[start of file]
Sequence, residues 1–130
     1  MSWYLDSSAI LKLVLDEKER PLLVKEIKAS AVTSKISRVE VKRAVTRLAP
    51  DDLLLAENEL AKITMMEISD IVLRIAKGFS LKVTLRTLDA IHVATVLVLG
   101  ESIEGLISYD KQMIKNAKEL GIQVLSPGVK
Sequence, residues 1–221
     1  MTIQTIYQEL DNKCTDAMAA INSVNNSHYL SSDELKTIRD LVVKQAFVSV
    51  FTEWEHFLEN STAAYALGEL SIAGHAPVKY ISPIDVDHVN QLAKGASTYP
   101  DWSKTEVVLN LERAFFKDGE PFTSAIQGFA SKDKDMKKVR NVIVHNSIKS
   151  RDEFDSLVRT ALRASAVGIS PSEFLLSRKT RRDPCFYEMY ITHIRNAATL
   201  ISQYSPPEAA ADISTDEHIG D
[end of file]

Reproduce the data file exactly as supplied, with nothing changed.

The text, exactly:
Sequence, residues 1–130
     1  MSWYLDSSAI LKLVLDEKER PLLVKEIKAS AVTSKISRVE VKRAVTRLAP
    51  DDLLLAENEL AKITMMEISD IVLRIAKGFS LKVTLRTLDA IHVATVLVLG
   101  ESIEGLISYD KQMIKNAKEL GIQVLSPGVK
Sequence, residues 1–221
     1  MTIQTIYQEL DNKCTDAMAA INSVNNSHYL SSDELKTIRD LVVKQAFVSV
    51  FTEWEHFLEN STAAYALGEL SIAGHAPVKY ISPIDVDHVN QLAKGASTYP
   101  DWSKTEVVLN LERAFFKDGE PFTSAIQGFA SKDKDMKKVR NVIVHNSIKS
   151  RDEFDSLVRT ALRASAVGIS PSEFLLSRKT RRDPCFYEMY ITHIRNAATL
   201  ISQYSPPEAA ADISTDEHIG D